In addition, Title IX’s language does not state anything about single sex status and fraternities and it does not require fraternities to remain single-sex in order to benefit pursuant to Title IX’s exemption. It states that for universities to benefit from federal funding, they have to recognize social fraternities that possess an active memberships of students in attendance at a higher education institution (Tran, 2012). Title IX does not exceed that provision and it does not expressly impose liability on universities that have such fraternities. Therefore, Title IX impliedly allows the sororities and fraternities to remain single-sex. In defense of the fraternities and sororities, they should retain the legal right to discriminate against opposite sex members especially transgender members because Title IX does not obligate them to admit opposite sex members.

Further in Boston v. Clayton County, whereby an employer terminated an employee for “unbecoming” conduct after participating in a gay recreational softball league. The employee sued alleging sex discrimination pursuant to Title VII of the Civil Rights Act of 1964. The Court held that an employer violates Title VII when he/she intentionally fires an employee on the ground of sex. Further, the court while relying on Phillips v Martin Marrieta held that when a company formulates policy to counteract discrimination based on sex, it is itself promoting discrimination. Based on this holding, the fraternities and sororities should be allowed to enforce their legal right to discriminate against opposite sex members especially transgender members because if they come up with policy that it against discrimination based on sex, such conduct can be held to be actual discrimination.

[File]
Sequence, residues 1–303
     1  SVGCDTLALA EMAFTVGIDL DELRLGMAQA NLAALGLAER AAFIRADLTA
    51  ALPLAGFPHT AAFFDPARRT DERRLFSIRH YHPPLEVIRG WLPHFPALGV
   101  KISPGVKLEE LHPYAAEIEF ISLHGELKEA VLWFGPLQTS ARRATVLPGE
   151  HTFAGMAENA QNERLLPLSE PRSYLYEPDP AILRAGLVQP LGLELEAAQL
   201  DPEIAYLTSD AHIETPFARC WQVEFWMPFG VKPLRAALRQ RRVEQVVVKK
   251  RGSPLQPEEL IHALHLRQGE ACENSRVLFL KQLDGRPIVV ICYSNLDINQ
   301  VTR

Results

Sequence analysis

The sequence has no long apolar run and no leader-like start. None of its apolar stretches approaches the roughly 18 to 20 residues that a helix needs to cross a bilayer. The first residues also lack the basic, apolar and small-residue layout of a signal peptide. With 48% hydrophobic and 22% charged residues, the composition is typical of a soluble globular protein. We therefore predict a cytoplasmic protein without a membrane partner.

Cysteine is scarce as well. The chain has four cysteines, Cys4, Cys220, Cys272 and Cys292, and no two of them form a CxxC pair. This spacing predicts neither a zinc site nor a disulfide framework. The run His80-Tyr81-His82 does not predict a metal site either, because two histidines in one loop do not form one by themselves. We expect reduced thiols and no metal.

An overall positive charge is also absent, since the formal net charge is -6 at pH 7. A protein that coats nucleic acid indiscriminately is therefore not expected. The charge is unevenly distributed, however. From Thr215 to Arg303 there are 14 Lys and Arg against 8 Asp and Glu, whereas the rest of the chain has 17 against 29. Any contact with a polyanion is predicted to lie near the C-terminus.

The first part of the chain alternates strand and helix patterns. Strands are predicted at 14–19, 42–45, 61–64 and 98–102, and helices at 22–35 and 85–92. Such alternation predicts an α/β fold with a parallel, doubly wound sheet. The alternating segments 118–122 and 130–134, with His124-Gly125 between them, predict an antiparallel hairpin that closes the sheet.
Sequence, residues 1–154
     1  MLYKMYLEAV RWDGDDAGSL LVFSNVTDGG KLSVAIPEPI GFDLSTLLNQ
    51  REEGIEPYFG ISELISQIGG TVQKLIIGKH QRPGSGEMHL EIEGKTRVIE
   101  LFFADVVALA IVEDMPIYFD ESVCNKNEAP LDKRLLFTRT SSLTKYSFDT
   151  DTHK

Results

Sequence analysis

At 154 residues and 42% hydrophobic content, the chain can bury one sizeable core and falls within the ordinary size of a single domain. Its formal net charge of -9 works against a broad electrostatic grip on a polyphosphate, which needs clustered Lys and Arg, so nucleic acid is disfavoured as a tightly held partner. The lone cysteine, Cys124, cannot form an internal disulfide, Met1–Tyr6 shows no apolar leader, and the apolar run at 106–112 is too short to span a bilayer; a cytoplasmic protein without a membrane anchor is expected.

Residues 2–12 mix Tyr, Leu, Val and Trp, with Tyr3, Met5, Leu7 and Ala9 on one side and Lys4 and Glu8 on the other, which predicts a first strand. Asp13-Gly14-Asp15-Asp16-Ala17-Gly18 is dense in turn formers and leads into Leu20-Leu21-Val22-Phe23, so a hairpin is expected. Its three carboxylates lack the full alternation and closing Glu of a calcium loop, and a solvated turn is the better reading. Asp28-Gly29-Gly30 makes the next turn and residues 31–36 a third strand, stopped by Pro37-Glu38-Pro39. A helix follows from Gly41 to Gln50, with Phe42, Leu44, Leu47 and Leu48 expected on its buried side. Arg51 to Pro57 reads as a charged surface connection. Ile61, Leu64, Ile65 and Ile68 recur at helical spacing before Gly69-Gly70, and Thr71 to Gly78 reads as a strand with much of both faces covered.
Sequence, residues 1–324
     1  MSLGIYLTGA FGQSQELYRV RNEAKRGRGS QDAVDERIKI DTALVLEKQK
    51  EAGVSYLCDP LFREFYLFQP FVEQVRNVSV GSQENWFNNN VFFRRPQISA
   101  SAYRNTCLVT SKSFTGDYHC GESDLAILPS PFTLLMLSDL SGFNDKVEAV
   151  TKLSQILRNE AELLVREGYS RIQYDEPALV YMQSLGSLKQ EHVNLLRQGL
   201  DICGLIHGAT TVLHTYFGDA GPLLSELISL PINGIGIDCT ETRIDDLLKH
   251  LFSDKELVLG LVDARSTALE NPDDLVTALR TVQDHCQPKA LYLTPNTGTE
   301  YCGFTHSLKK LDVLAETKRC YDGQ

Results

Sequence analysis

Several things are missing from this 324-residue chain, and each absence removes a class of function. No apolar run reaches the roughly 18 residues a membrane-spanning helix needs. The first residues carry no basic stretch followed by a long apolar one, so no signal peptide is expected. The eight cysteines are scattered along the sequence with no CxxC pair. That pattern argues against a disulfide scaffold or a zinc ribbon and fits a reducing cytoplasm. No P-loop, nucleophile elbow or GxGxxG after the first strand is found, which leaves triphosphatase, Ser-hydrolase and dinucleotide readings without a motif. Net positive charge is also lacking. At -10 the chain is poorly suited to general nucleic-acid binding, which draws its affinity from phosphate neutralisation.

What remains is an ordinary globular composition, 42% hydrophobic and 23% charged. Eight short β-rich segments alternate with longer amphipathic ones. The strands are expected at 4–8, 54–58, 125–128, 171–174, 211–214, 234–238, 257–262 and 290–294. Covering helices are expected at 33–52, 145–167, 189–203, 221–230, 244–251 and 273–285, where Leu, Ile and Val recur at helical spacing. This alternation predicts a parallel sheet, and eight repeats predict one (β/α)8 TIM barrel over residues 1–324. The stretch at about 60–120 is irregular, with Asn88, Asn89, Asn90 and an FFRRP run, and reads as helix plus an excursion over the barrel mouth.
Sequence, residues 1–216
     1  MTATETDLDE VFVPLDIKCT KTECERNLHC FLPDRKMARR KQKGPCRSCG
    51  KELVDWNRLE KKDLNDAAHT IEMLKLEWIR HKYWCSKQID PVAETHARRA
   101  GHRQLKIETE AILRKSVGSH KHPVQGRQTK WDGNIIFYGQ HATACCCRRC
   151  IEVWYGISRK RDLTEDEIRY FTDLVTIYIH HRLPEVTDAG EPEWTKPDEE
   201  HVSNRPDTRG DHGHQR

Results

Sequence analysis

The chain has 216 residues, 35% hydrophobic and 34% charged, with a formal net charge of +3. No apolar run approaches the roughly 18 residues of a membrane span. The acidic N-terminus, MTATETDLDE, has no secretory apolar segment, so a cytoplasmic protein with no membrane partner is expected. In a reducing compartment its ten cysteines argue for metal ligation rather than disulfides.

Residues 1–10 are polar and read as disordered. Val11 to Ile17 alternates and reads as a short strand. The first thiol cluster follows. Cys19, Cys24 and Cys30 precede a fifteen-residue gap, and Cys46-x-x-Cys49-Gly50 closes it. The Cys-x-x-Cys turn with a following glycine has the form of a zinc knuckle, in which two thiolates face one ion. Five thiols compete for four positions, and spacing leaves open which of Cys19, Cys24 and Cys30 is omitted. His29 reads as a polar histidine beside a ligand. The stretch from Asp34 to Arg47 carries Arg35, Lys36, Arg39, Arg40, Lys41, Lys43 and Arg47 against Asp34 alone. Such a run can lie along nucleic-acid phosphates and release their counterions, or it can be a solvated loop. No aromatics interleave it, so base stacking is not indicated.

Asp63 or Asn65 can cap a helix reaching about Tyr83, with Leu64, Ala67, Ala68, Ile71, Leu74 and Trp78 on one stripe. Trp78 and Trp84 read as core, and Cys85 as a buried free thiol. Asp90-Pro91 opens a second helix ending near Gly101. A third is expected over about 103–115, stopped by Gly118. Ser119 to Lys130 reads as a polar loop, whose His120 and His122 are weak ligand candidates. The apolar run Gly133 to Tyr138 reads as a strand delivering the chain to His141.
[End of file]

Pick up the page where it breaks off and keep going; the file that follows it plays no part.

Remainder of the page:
In addition, the U.S Department of Education in response to a letter by Catherine Lhamon stated that so long as the fraternal organization meet Title IX express requirements, they will be allowed to continue being in effect regardless of whether they admit transgender students or not. The U.S Department of Education position conforms to the current construction and interpretation of Title IX.

 The position of the U.S. Department of Education confirms the current interpretation of Title IX and its role on the membership practices of social fraternal organizations, in that Title IX has no role. Further, the U.S. Department of Education agrees that students organizations such as sororities and fraternities should be allowed to exercise the right to associate and form groups according to their preferences.


            In conclusion, fraternities should be allowed to continue limiting their membership to people of the same-sex as private organizations are allowed to have the freedom of association and Title IX of the Education Amendments does not expressly state that fraternities and sororities should allow members of the opposite sex in particular the transgender members.


Bostock v Clayton County, No 17-1618, 723 Fed. Appx. 964

Boy Scouts of America et al. v. Dale, 530 U.S. 640 (2000)

Campus Pride, 2015 Trans Membership & Title IX: U.S. Dept. of Education clarification paves way for Trans-inclusive Fraternity & Sorority Membership Policies.

E-mail from David L. Westol, J.D., Owner & CEO, Limberlost Consulting, Inc., to author (Nov. 5, 2011, 7:29 EST) (on file with Hofstra Law Review) [hereinafter Westol E-mail]

NAACP v. Patterson, 357 U.S. 449 (1958)

Phillips v. Martin Marrieta 400 U.S 542

The United States Constitution

Title VII Civil Rights Act of 1964

Title IX of the Education Amendments of 1972

Van S. (2012). Embracing Out Values: Title IX, the “Single-Sex Exemption,” and Fraternities’ Inclusion of Transgender Members, Hofstra Law Review: Vol 41: Iss 2, Article 8 accessed on December 11, 2020 on